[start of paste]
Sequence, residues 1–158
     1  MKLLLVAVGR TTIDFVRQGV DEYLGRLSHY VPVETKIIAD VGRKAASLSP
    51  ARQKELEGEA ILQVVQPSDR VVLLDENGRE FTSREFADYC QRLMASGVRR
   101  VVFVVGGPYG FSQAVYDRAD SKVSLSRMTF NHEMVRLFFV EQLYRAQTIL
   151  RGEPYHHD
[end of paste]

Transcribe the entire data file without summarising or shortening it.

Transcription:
Sequence, residues 1–158
     1  MKLLLVAVGR TTIDFVRQGV DEYLGRLSHY VPVETKIIAD VGRKAASLSP
    51  ARQKELEGEA ILQVVQPSDR VVLLDENGRE FTSREFADYC QRLMASGVRR
   101  VVFVVGGPYG FSQAVYDRAD SKVSLSRMTF NHEMVRLFFV EQLYRAQTIL
   151  RGEPYHHD